The wonder that is the internet has made a wealth of information available to the general public, information that was once difficult to find. This spread of information has brought with it an increase in the general populace’s all around knowledge, making us all better prepared in the handling of potentially damaging situations. A key benefit to this proliferation of information is how it has affected our knowledge on health issues and how to treat or even prevent them from occurring in the first place.
If you’ve been keeping up to date with our blog, you’ll know we’ve recently focused on how to make your home safer for those with allergies or asthma. To ensure your home is the safest it can be for an asthma sufferer we’re going to continue on this trail and look at 5 surprising reasons for your child's asthma symptoms.
The nitrogen dioxide (NO2) released by many gas appliances can go completely unnoticed within your home. The gas is completely odorless and can cause irritation in your eyes, nose and throat. To add to this, NO2 can cause shortness of breath and also makes children with asthma far more susceptible to respiratory infections. Whilst you won't be able to tell if you’re appliances are releasing low levels of NO2 without specific testing apparatus, it is relatively easy to combat. By ensuring that rooms with gas appliances are well ventilated you’ll be able to dramatically reduce the risks of NO2 in your home.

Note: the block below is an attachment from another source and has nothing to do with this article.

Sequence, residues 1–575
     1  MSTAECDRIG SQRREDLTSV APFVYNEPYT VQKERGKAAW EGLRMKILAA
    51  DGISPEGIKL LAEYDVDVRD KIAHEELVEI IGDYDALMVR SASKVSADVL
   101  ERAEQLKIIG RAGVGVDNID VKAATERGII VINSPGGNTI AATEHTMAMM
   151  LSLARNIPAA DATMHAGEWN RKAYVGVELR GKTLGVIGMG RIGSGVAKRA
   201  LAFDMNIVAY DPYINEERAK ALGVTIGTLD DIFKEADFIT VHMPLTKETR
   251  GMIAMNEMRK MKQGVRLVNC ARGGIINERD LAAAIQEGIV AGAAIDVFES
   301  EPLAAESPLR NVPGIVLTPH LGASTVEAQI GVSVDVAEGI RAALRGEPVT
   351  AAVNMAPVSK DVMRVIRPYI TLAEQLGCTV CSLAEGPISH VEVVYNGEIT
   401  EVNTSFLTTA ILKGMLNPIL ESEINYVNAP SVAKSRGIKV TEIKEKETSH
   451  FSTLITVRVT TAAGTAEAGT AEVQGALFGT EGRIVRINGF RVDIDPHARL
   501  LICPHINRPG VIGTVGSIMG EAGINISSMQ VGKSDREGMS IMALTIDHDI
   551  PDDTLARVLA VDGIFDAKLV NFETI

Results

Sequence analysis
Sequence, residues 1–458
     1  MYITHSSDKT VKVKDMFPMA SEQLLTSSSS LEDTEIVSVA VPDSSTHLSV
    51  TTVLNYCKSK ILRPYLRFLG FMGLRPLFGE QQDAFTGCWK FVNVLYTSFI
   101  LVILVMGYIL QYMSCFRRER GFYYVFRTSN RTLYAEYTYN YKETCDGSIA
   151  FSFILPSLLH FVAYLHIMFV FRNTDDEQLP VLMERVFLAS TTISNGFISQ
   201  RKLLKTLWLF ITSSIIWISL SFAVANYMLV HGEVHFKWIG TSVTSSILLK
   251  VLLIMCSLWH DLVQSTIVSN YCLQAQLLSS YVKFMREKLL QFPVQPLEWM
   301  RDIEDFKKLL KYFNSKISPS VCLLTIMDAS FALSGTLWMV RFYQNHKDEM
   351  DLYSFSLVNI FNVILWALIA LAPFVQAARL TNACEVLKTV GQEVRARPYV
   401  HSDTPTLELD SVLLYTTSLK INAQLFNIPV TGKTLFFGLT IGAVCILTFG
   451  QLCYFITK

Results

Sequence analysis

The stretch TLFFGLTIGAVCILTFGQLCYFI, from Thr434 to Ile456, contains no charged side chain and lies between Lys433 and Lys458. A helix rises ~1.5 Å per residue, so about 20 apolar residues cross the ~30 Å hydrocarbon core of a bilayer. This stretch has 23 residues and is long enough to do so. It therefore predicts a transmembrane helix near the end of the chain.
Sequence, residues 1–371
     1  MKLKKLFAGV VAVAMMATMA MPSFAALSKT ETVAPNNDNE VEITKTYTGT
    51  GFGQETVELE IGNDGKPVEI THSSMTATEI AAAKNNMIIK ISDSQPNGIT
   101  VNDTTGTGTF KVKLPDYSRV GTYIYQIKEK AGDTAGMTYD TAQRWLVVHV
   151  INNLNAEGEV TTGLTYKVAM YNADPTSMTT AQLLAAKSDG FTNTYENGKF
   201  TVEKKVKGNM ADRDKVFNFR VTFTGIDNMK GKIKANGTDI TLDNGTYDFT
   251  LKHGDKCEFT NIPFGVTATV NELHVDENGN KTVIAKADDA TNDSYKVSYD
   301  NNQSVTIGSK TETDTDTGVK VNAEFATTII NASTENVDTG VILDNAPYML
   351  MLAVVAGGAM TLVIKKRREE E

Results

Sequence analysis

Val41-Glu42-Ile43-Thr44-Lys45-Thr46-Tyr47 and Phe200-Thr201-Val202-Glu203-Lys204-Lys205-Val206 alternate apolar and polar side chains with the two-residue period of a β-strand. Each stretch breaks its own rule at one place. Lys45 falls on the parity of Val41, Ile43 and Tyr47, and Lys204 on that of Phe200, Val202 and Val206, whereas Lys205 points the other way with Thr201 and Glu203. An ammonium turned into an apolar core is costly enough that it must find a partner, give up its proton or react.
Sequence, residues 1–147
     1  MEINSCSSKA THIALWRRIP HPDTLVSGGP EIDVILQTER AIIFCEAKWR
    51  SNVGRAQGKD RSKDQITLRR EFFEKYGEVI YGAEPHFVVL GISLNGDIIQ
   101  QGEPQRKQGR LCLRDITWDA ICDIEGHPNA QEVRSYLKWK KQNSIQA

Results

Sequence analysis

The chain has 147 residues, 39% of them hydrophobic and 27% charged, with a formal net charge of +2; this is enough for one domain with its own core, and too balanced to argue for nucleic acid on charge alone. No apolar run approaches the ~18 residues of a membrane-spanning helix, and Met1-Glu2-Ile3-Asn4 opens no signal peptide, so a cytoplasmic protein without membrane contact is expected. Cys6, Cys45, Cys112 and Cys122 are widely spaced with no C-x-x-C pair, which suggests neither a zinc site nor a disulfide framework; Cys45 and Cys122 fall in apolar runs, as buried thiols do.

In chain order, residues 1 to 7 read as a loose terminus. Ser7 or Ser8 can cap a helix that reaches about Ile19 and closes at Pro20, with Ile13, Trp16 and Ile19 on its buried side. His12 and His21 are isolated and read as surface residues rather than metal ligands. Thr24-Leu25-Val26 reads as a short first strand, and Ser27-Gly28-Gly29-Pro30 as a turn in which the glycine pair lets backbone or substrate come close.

Learning to swim is often an integral part of a child’s development, a skill that needs to be learned for safety as well as recreational reasons. Unfortunately, research has shown that chlorinated pools can agitate the respiratory system of swimmers, this research has also shown that children are most at risk. Not teaching your children to swim is an extreme response to this issue, a better approach would be to find an unchlorinated pool for them to learn in. If that isn't possible, try to limit the number of hours that they are in the pool.
There’s a very strong link between asthma and allergies, both falling under the umbrella term of Anaphylaxis. As such, it’s no surprise that a food allergy could trigger a severe asthmatic reaction, and whilst staying away from the foods you are allergic to is a great first step, it may not be enough. A number of different commonly used preservatives have also been reported as causing asthmatic symptoms. It’s mainly sulphites that cause a reaction so if possible, try to avoid food which is heavy on using them as a preservative.
It’s common knowledge that exercise can leave you short of breath and an even worse kept secret that those with asthma can find this a very troublesome problem. The term for an exercise-induced attack is exercise-induced bronchoconstriction (EIB) and affects nearly all asthma sufferers. Exercise is an important part of maintaining a healthy lifestyle and shouldn’t be cut out even for those with asthma. The key to staying fit with aerobic exercise if you do suffer from asthma is to control your exercise. Try not to overdo it and ensure you're taking regular breaks.
We’ve covered how weather related issues such as summer time pollen can cause an asthmatic reaction in previous posts, however, most are unaware that a quick change in the weather can also bring on an attack. Those with asthma have over reactive airways when it comes to allergens and irritants, a quick change in temperature and /or humidity also causes a change in the airways. Whilst this is not an issue for people without allergies or asthma, it can be enough to heighten irritation to a point that causes a reaction in asthma sufferers. Image - Ana Maria Dacol